Saturday, June 22, 2024

Former alumna stresses importance of fire safety

Keeping every student safe and happy is one of Plattsburgh State’s main goals on campus. Because September was Campus Fire Safety and Preparedness Month, the IFC/ISA Service Committee and the Campus Emergency Preparedness Day Planning Committee sponsored a series of events and demonstrations on just that on Sept. 27.

According to a campus-wide email sent by Michael Caraballo, activities were displayed on campus from 1 to 4 p.m. that day. Many organizations of emergency first responders, such as the New York State Police, University Police and Clinton County Search and Rescue, were there to answer questions for any curious students in the Amity Plaza and Angell College Center. There were also real-life demonstrations of an aerial rescue and mock dorm room burn in front of Whiteface Hall that many students witnessed firsthand.

However, the average student might not realize or remember the possibility that events like these were put in place because of one past accident.

In September of 2013, Alexa Limato, a senior PSUC psychology major at the time, was the survivor of an electrical house fire off campus on Couch Street, resulting in major injuries and extensive care. Thousands of people reached out to “Help Alexa Heal” through local and online donations that produced a grand total of over $13,000 toward Limato and her family. Since her recovery, Limato has moved on from PSUC.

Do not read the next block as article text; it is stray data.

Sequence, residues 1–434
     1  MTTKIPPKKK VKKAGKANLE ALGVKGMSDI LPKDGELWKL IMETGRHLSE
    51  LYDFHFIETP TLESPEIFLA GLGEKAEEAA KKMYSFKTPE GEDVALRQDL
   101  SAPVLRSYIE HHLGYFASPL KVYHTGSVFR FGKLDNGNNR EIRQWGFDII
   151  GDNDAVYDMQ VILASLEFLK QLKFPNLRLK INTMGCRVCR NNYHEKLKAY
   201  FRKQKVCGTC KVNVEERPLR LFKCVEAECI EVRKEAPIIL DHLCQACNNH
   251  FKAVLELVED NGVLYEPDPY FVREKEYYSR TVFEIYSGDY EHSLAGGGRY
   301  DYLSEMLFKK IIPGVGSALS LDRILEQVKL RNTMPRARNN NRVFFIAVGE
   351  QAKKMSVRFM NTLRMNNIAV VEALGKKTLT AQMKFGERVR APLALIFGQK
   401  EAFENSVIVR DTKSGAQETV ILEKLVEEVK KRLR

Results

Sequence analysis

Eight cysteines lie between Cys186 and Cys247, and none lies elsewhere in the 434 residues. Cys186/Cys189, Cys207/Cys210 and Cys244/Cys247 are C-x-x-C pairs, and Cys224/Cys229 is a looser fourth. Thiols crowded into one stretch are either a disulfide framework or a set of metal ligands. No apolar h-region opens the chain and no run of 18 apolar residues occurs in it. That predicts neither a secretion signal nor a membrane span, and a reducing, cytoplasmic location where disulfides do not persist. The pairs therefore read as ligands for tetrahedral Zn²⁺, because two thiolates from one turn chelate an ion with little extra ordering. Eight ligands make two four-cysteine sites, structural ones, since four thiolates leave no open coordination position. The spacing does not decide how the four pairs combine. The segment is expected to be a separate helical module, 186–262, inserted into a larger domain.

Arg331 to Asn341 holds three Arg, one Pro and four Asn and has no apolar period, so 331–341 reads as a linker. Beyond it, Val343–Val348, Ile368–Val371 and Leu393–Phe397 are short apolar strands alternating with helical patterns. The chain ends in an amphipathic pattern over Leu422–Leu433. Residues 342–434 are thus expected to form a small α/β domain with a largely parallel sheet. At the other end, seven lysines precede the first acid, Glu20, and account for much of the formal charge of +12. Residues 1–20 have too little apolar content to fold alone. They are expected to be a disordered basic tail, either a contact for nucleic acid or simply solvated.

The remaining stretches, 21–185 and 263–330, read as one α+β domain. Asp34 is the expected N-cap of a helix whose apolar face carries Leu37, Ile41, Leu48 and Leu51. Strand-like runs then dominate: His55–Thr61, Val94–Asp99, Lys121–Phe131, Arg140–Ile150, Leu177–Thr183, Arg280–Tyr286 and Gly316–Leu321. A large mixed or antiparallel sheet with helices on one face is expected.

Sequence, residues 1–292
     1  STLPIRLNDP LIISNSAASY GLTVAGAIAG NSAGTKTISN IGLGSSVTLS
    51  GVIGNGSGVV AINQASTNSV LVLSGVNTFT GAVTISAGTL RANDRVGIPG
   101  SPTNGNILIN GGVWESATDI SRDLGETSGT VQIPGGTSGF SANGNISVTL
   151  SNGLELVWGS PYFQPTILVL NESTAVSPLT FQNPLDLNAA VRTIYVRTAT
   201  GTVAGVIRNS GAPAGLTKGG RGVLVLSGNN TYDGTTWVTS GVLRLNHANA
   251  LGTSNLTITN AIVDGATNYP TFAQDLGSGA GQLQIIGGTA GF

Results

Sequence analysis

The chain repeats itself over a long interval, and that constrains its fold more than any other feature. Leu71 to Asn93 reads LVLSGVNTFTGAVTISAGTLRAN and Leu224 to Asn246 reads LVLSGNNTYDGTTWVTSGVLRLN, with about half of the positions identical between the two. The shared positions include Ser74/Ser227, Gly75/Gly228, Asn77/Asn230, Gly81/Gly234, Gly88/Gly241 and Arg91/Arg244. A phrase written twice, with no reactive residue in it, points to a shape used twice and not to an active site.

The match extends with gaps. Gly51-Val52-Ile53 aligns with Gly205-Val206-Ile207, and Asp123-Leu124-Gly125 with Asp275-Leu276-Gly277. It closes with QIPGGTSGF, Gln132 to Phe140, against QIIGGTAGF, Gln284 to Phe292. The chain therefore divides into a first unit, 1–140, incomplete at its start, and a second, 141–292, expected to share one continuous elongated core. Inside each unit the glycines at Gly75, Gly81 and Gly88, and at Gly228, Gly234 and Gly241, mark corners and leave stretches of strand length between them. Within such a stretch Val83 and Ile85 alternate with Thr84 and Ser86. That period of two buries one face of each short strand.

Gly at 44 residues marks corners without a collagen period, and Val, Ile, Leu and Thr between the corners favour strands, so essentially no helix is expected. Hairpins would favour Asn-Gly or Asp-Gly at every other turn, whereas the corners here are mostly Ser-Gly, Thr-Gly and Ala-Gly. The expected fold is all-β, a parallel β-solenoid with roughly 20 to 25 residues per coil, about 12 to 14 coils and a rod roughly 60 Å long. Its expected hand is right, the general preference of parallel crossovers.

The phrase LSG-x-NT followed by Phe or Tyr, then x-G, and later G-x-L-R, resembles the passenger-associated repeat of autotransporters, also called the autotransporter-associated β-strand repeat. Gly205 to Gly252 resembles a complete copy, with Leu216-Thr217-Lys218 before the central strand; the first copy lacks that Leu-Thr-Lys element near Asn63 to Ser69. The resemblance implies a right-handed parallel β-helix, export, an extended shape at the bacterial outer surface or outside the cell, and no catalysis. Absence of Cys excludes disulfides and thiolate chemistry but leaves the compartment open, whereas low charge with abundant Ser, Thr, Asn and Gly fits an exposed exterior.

Graduating this past May from Adelphi University, Limato received her MSW, and is currently working for Rehabilitation Support Services in Goshen, New York, helping children connect to resources in the community in order to foster mental and emotional support. Every emergency situation is different, especially when it comes to house fires, so sometimes the cause is unavoidable.
“Thinking back to the fire, I know that I did everything right,” Limato said. “I was very aware of fire safety. You could do everything right and still have what happened to me happen.”

Despite the inevitability, Limato is glad that there is fire safety awareness on campus than there used to be four years ago. “I don’t remember [fire safety] seeming like a big deal,” she said. However, the overall effect of the accident has impacted Limato positively, as she said that safety planning plays a big role in her social work career.

In the event of a serious fire or emergency, Limato advised other students to pay attention and be aware of their surroundings. Because the fire was electrical, no one person was at fault for what happened, so students should be careful when considering where to live off campus especially paying attention to the housing regulations. “No matter how much fire safety preparedness information you get, it’s still a whole other thing when it’s actually happening,” she said. “There are other aspects that you don’t fully understand until you’re faced with it.”

Limato hopes her story is inspiring, as being a survivor allows her to not only move forward, but also to further help others who are also struggling.

“Going into social work was always my goal, but I feel like [the accident] further defined my purpose,” she said. “Any way I can help others using my story, I’m glad to do so.”

For more information on emergency preparedness, visit the PSUC Office of Emergency Management, or go online at With survivors like Alexa to tell their story, and an increased awareness of fire safety and preparedness on campus, we can further prevent hazards from harming any student, on or off campus.

Email Emma Vallelunga at

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